Molly has said a steep fall in net migration figures, revealed today, has been driven by Brexit, and a growing sense that the UK is unwelcoming and intolerant. The figures, from the Office of National Statistics, show a steep drop of 81,000 in net migration. The ONS reports that the change was driven largely by an increase in emigration, mainly of EU citizens, and in particular so-called EU8 citizens – those from Poland, Czech Republic, Slovakia, Slovenia, Hungary, Latvia, Lithuania, Estonia, Malta and Cyprus.
Commenting on the figures, Molly said:
“These statistics show that people are being driven away by Brexit. But we must remember, that behind all such statistics lie real human lives. These are individuals, couples and families who hoped and believed they could make the UK their home, at least for a while, and contribute economically, socially and culturally. These figures show clearly that Brexit has resulted in the UK being perceived as an unwelcoming and intolerant place where once we were viewed as open and accepting.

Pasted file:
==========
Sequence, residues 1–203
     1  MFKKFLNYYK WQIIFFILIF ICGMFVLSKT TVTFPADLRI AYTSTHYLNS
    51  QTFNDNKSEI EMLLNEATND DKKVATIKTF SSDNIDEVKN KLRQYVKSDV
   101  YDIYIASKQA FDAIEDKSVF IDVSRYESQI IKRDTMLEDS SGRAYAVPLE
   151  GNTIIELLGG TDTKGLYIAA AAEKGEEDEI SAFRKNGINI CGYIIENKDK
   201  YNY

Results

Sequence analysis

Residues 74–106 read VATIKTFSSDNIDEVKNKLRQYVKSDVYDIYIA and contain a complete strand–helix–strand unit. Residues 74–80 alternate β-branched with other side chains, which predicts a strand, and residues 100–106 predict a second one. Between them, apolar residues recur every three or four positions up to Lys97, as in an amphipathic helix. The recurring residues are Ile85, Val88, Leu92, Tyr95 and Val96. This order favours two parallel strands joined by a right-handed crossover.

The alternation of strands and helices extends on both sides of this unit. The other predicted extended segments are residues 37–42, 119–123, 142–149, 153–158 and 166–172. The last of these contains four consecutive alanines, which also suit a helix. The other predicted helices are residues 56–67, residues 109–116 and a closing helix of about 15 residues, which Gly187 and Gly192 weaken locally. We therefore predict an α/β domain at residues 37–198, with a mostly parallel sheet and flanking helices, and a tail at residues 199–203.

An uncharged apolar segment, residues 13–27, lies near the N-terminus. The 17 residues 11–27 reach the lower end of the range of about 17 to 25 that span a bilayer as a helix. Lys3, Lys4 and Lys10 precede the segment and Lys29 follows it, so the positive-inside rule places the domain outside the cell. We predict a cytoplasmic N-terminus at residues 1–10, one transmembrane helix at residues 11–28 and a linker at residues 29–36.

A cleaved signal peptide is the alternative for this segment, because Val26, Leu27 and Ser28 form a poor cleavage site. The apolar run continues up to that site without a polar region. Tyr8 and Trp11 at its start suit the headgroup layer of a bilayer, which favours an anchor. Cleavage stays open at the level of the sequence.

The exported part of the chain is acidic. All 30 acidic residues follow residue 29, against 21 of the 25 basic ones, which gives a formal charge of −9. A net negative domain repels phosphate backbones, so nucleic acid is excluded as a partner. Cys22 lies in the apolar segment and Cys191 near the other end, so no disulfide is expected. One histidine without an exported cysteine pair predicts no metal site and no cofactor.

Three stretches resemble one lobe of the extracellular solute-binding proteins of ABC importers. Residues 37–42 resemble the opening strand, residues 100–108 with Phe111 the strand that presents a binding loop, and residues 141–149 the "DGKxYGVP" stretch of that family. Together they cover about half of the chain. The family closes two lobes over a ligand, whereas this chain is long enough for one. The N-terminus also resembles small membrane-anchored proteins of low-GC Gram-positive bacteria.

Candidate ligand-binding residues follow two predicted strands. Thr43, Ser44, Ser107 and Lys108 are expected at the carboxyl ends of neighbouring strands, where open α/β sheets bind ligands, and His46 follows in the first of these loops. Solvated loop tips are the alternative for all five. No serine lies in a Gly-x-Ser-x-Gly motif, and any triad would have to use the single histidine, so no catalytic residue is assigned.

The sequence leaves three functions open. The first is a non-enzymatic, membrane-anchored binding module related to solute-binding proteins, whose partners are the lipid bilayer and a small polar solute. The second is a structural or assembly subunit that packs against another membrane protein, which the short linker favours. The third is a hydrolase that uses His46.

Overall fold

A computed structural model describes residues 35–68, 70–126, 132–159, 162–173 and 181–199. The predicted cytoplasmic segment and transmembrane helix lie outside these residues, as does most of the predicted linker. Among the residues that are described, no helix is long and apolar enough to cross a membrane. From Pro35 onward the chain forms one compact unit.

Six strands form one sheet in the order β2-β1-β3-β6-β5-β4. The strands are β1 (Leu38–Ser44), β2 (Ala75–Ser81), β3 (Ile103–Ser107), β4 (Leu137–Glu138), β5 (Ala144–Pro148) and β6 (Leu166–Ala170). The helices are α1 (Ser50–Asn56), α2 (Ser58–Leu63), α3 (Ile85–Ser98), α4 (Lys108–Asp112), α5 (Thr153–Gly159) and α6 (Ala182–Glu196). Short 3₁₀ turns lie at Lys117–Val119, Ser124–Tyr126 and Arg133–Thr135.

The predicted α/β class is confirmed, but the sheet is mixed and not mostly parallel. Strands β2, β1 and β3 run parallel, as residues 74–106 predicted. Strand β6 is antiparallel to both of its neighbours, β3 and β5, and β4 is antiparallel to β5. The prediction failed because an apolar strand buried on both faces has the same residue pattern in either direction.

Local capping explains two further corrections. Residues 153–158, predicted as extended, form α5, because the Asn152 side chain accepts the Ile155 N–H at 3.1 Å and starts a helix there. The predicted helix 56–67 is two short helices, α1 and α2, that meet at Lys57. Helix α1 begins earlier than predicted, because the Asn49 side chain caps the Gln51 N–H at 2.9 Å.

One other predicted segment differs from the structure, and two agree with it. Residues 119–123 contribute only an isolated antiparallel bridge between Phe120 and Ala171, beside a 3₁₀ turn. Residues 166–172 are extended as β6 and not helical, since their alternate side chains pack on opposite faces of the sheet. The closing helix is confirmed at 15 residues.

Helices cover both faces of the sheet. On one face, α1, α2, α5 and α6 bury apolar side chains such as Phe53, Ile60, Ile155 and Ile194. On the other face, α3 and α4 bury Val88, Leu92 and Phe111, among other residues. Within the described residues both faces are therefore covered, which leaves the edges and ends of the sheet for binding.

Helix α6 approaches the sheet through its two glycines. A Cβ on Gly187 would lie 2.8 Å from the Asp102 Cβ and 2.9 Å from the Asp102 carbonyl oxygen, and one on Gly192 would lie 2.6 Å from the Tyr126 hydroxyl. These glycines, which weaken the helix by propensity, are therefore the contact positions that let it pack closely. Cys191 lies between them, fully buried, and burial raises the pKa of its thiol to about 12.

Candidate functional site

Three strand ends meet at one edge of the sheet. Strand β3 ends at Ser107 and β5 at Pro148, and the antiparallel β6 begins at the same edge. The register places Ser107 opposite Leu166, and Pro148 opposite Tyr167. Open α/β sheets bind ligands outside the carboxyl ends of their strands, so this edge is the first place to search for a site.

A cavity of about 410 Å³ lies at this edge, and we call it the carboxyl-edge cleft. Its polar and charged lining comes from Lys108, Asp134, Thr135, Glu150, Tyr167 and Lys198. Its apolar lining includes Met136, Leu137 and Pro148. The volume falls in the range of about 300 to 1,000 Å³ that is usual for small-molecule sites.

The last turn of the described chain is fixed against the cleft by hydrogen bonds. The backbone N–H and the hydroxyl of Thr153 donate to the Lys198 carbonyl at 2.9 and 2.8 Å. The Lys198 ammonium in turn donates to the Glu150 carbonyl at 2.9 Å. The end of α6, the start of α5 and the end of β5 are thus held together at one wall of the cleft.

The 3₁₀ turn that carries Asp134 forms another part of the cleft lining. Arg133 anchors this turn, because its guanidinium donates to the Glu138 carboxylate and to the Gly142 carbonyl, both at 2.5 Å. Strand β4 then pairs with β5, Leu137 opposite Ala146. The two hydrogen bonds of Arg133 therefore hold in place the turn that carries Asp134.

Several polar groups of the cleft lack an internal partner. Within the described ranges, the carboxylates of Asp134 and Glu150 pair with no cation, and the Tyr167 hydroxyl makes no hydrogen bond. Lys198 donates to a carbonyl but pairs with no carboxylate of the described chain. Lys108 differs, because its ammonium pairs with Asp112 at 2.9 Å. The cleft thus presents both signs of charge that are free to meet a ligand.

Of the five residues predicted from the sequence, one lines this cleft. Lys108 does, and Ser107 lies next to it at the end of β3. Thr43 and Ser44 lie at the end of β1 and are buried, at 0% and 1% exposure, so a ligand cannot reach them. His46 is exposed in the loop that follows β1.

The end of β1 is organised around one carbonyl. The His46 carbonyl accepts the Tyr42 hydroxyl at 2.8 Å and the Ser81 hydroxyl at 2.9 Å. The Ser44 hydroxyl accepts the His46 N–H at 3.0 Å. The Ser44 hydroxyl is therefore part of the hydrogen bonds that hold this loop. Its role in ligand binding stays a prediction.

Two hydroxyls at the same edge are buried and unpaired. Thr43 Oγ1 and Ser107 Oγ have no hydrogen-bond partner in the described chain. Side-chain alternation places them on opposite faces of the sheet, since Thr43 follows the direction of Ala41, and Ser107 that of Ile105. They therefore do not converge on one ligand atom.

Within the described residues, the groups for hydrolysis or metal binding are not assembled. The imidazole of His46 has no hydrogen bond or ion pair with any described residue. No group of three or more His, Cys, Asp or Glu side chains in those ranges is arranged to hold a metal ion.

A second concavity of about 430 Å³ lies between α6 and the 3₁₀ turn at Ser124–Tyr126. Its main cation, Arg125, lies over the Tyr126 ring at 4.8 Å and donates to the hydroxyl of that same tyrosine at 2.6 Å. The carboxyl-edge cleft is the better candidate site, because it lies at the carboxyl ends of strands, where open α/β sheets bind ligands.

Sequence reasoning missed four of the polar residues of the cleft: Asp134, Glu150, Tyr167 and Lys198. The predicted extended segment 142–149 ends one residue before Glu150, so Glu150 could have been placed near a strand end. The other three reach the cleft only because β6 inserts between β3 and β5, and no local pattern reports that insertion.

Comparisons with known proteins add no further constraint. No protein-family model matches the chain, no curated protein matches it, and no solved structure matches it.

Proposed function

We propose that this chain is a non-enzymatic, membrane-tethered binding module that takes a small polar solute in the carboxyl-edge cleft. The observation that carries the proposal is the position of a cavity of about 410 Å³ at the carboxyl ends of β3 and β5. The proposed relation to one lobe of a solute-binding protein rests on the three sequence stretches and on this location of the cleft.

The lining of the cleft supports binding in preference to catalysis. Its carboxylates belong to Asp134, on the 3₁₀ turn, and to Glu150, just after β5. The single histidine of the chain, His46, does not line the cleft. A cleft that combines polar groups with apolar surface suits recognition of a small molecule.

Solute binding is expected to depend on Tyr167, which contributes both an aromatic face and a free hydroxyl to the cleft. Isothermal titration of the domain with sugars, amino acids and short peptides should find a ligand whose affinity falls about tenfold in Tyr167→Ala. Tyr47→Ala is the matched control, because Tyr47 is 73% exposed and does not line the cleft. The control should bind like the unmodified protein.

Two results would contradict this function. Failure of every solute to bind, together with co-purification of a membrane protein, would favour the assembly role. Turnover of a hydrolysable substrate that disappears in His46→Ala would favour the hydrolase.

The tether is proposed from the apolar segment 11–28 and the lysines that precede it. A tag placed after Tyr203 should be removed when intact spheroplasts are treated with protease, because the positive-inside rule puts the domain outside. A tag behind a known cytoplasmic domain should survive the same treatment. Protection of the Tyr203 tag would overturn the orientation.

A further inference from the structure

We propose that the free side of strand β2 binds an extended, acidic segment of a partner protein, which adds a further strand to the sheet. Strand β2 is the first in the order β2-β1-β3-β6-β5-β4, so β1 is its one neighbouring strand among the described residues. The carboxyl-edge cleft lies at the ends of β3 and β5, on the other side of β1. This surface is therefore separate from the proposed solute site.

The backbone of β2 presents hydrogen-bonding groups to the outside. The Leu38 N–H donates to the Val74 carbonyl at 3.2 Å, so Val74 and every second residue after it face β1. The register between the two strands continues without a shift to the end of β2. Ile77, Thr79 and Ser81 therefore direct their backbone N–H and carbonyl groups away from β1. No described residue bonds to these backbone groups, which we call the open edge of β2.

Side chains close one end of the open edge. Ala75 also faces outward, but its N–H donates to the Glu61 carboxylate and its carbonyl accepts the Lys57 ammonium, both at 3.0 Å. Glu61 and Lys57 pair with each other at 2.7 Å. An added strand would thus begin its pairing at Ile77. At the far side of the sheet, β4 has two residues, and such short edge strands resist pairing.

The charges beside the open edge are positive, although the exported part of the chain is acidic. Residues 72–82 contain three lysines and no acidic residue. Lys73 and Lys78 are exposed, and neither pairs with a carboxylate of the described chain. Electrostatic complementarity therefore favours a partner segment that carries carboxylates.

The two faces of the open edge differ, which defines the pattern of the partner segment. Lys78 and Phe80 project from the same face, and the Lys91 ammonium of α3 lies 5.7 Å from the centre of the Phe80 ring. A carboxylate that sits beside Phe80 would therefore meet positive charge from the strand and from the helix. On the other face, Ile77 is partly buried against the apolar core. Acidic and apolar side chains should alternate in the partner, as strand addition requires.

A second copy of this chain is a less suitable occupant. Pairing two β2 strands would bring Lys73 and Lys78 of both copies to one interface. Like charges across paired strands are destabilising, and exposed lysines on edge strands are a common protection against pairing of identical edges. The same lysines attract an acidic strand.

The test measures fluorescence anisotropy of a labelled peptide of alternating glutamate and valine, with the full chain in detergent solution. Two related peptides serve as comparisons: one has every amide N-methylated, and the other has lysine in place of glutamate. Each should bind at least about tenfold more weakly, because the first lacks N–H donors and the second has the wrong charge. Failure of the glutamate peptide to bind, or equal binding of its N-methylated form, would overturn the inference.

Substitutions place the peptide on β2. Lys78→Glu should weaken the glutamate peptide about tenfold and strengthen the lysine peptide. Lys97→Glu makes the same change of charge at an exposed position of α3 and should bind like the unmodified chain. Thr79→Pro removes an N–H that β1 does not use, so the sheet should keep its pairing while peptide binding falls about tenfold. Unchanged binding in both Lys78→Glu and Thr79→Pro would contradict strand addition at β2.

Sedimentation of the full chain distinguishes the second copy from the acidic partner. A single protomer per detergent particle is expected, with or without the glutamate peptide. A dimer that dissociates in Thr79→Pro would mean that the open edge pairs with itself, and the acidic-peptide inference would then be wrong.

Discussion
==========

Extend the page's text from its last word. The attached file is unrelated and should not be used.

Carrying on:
“Today’s figures also reveal chaos at the Home Office over the counting of students. It had been assumed that tens of thousands of international students remained in the country illegally after graduating. But border checks introduced last year show that 97% leave once their studies are completed. This over counting of students casts doubts over the credibility of UK immigration statistics as a whole while Theresa May was at the helm in the Home Office.
“Migration became one of the defining issues of the referendum, driven by misinformation from the right-wing media and politicians. The reality is that attitudes towards migration are most negative in areas with low immigration, not high, and young people, who voted overwhelmingly to remain in the EU, on the whole view immigration positively.
“It is interesting to note that since we voted to leave the EU concerns over migration have dropped sharply, and the right-wing press have turned their concerns away from migrants ‘taking all our jobs’ to worries about labour shortages post-Brexit.
“For those of us who form the majority and who wish the UK to be a welcoming and compassionate society, we must continue to challenge poisonous narratives around migration as well as make the economic and social case for continued freedom of movement.”